Picture Perfect Ilha Grande

16 Jan

The relaxing island hideaway of Ilha Grande is located 100 miles south of Rio de Janeiro. With beautiful white sandy beaches, clear blue water, unspoilt Atlantic rainforest and relaxed vibe, it’s the type of holiday destination people dream of. The eleven mile crossing from Angra dos Reis to Ilha Grande takes just over an hour, but the difference is huge. Leave behind the high rise developments and busy beaches and arrive on the sandy shores of a laid back, undeveloped paradise. It’s all about relaxing in the sun, swimming in clear waters, swinging in hammocks, hiking forested trails and dining by candle light on fresh seafood with the sound of samba floating through the air.

The island’s history reads like something straight from a movie – first a haven for smugglers and pirates, then a leper colony and finally a state prison – but its chequered past deterred developers for decades and meant the island’s verdant rainforest (now protected parkland) and swathes of white sandy beaches remained virtually untouched.

The mainland ferry delivers passengers to Vila do Abraão, Ilha Grande’s only town (population 3,000) which sits below the jungle encrusted 982 metre Pico do Papagaio, a striking parrot-shaped peak. Arriving here felt like stepping back in time – there are no cars, no banks (bring cash with you) and intermittent internet access and phone signals.

The town was a sleepy fishing village until the mid-1990’s when tourism started to boom and nowadays there are a good number of pousadas, restaurants and bars to choose from. Development has been low-key and sensitive to the natural environment, so the town remains incredibly beautiful.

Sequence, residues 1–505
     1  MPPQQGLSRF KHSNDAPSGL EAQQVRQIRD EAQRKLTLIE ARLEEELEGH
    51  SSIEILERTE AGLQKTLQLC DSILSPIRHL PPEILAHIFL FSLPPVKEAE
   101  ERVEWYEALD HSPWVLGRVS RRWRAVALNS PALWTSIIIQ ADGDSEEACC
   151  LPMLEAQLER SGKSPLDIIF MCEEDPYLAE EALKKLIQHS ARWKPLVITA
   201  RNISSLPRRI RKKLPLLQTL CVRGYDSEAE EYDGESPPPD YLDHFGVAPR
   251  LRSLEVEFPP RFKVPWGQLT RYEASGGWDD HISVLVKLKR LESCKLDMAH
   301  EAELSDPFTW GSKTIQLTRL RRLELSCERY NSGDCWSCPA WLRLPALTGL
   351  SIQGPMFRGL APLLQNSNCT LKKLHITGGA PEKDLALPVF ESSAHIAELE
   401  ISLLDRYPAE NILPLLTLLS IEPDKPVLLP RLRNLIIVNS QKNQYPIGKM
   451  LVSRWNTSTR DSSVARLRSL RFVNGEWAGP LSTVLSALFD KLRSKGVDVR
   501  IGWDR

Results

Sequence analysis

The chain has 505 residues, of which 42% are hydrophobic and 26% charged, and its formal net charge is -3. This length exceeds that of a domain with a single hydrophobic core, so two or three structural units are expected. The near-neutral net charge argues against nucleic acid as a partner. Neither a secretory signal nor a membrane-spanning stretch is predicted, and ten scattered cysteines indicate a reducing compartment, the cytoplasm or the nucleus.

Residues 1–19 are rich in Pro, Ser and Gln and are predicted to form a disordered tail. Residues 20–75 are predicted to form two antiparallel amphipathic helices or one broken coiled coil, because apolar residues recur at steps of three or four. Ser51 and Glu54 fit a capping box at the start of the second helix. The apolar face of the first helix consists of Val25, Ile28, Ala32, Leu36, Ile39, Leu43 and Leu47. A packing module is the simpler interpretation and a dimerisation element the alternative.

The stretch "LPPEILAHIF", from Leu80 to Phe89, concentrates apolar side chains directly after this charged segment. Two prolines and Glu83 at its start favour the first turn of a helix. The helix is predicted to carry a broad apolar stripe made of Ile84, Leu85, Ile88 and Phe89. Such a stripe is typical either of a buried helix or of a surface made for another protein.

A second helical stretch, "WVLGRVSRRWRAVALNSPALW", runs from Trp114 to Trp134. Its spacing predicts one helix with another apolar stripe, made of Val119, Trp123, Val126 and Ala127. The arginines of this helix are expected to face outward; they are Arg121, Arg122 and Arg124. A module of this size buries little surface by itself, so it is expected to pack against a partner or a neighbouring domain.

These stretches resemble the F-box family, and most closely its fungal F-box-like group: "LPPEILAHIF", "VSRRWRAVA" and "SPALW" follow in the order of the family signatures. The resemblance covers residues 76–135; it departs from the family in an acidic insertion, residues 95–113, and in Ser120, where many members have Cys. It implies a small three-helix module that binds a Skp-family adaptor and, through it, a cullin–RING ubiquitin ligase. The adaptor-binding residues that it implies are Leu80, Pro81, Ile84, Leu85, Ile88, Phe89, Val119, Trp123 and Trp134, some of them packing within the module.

A low key local life also prevails in Abraão with congregations gathering at the tiny orange church, children making the journey to school and hole in the wall restaurants serving delicious local delicacies such as clay pots of coconut infused seafood stew called moqueca.

Tourism in Abraão is focused around the beach and the docks. Kayakers and stand-up paddle boarders take advantage of the calm waters, whilst hammocks strung between palms offer prime viewing of animated beach football matches. Wooden boats bob in the bay offering taxi services to far flung beaches and full day tours around the island, stopping at numerous beaches and lagoons.

There are numerous eateries and bars right on the beachfront and at the laid-back Lua e Mar we wiggled our toes deep into the sand as we drank Caipirinha cocktails under a shady tree. The backpacker classic Bob Marley CD drifted across the beach and sealed the deal for us to order “dos mas!”

Back from the beach, the sandy streets offer a low-key night out. Vendors push around trolley carts laden with cakes and tropical fruits. Live music flows from every bar and pay-per-weight buffet restaurants do a good trade.

If you have the energy to drag yourself away from the beach, the island offers some great trekking opportunities. There are around 100km of trails across the island and you can spend from a few hours to a few days exploring. Guides can be hired but walks are well signposted and trail maps available from town so treks can be made independently. Whichever route you choose you’ll discover pristine Mata Atlântica (Atlantic rainforest) thick with moss and hanging vines, abundant animal and bird life and secluded sandy coves.